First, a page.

Cancer Connections of San Luis Obispo is a one on one, positive self help network for those diagnosed with cancer. Our network consists of volunteers who themselves have been diagnosed with cancer and are surviving. These volunteers are not doctors nor trained therapists, but local individuals who offer non-medical information, reassurance, and emotional support with complete confidentiality to others dealing with a recent diagnosis. A cancer diagnosis is often accompanied by feelings of fear confusion, isolation, as well as many, many questions.
We won’t know until you have had surgery, but we think you have ovarian cancer.
These words kind of blew me out of the water. Who had even heard of ovarian cancer? I would really have liked to talk with someone who had had it, but I did not know anyone. There weren’t many resources for cancer fighters in SLO at the time. I did talk with someone who at the time had worked with my husband and had dealt with breast cancer. She had the same chemo that I was being told I would have and also lost her hair, as I would. “S” was wonderful. I just felt so much better after talking with her!
After I completed my surgery and chemo treatments I returned to my teaching job. A few years later I decided to retire early and was thinking about what I wanted to do. There were a few groups for breast cancer fighters and also prostate, but not for all the other different kinds of cancer. What if you did not want to go to a group, or didn’t feel up to leaving the house? I gathered about 5 friends whom I knew had dealt with cancer and we talked about what we would like to do. After much discussion we decided a one-on-one type of a group would be best and so Cancer Connections was born in November 2005.
PS. I am delighted to tell you that “S” is a member of Cancer Connections and has been since the beginning.
My cancer journey started in late 2015, when during a routine annual blood test and fecal immunochemical test (FIT), blood from my lower intestine was found. A colonoscopy was performed in January 2016 and a cancerous tumor ( adenocarcinoma) was found. There had been no symptoms or other indications that the tumor existed prior to the FIT test and colonoscopy. My physical condition at the time was excellent having been a person who walked/trekked 4 miles each day along with other daily core exercises.
The day after the tumor was discovered it was removed along with quite a bit of my colon and quite a few lymph nodes. The pathology confirmed the adenocarcinoma and that 2 lymph nodes were involved. My cancer was determined to be Stage IIIB Colon Cancer. My preventative/precautionary options were: 1) no treatment further, 2) moderate traditional chemotherapy, 3) aggressive chemotherapy.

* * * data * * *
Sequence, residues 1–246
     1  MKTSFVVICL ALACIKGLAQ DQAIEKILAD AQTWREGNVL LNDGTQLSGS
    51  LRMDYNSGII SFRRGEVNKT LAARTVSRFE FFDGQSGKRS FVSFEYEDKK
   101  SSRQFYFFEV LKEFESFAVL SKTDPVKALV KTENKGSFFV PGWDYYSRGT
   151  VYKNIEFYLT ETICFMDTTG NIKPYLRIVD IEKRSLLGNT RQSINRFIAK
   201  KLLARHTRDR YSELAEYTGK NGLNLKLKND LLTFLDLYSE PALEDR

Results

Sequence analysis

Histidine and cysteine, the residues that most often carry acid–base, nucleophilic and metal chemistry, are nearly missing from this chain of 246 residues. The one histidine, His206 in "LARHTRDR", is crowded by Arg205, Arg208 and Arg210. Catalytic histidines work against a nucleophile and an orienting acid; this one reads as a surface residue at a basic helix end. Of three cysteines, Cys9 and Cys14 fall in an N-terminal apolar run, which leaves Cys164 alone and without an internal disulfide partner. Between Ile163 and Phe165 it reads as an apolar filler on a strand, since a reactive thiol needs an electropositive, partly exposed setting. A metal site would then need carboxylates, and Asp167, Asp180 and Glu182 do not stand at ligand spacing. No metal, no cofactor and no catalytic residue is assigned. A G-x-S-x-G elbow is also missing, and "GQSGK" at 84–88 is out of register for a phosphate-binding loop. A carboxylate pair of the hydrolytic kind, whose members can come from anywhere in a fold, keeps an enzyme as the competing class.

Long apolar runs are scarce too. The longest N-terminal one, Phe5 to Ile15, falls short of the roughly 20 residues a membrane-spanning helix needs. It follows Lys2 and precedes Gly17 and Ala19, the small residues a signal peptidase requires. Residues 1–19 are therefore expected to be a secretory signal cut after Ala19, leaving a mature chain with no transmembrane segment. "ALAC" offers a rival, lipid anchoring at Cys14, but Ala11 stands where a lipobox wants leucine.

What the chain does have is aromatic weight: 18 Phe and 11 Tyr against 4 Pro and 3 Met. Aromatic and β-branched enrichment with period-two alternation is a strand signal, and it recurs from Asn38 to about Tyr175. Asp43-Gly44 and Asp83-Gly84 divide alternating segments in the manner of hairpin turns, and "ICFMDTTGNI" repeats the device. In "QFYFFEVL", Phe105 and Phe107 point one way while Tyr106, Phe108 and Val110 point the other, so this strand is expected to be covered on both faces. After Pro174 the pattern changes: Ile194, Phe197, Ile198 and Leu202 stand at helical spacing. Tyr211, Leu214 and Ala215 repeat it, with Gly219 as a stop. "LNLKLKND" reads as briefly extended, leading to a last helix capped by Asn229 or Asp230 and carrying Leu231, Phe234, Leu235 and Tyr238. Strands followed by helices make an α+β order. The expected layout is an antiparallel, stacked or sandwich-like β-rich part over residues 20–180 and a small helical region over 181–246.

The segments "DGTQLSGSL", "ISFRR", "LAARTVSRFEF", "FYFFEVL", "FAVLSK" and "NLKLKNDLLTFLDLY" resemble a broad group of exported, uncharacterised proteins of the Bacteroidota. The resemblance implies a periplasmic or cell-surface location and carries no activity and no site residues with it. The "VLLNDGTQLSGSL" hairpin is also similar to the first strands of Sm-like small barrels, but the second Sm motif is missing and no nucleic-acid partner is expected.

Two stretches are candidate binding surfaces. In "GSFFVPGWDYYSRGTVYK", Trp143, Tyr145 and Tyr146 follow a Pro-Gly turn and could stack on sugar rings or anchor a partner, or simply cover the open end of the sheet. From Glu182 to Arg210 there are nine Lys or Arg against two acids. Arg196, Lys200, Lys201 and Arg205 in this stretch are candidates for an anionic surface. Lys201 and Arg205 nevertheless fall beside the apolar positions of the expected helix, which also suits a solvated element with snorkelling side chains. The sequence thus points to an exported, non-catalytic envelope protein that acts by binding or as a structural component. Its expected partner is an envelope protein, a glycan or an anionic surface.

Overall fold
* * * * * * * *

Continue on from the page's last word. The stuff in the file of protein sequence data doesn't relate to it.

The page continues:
At this time, prior to deciding on a course of treatment, I was blessed to have the opportunity to discuss an individual’s cancer journey of survival from a very similar colon cancer. This individual is a volunteer with Cancer Connections and he helps people by discussing his cancer journey. He provided me with personal firsthand information as to his physical and emotional journey during his cancer treatments. We spoke on the phone together for about an hour and he offered to be available for more discussions if I had more questions. This personal contact and conversation greatly helped me to decide to go ahead with the moderate chemotherapy treatments. Also, I felt that his discussion of his cancer experiences gave me more evidence that taking precautionary chemotherapy was the right thing to do.
I am now cancer free for about one year and am able to live my life helping my family, friends, and others in my senior mobile home park where we live. Also, I have joined Cancer Connections as a Survivor and want to help others as I was helped during a difficult time in my life.
About 10 years ago my wife Nancy showed me an ad in the paper about a new group in San Luis Obispo looking for cancer survivors who wanted to help people in our community who are going through cancer. I was just a few years out from my throat cancer experience and I was ready to help out others challenged with this terrible disease. I met with Elaine Gardiner and she explained about the Cancer Connection group and what they do. I felt it was an honor and a joy to be able to help and support people simply by talking to them about my experience as a survivor and be able to give the perspective of the ones that survive. This wonderful group was a perfect match for me and I feel blessed to be part of it.
Through the years I’ve had the pleasure to talk with various people about specific hardships and challenges that people with throat and neck cancers experience. Many survivors of neck and throat cancer have very specific problems that I have shared with some of my CC matches. I feel that my input and insight have been very helpful to people who are just starting their journey as a survivor. I’ve laughed and cried with some of these people. I’ve shared my experiences of things that helped me get through my medical issues. Belonging to Cancer Connection has given me much joy and I feel blessed to be able to help people who are struggling. Belonging to this group led me to becoming more involved with the Hearst Cancer Resource Center and through this Center it help me to become inspired to start the Surfing for Hope Foundation.
I look forward to talking to more people in our community and to discuss my journey and hopefully make it just a little easier for those that suffer. Thank you Elaine and Cancer Connections for giving us the vehicle to help give back to our community.
Need support, love or help?
Want to talk to some one about your cancer please
call Cancer Connections at: (805)235-2997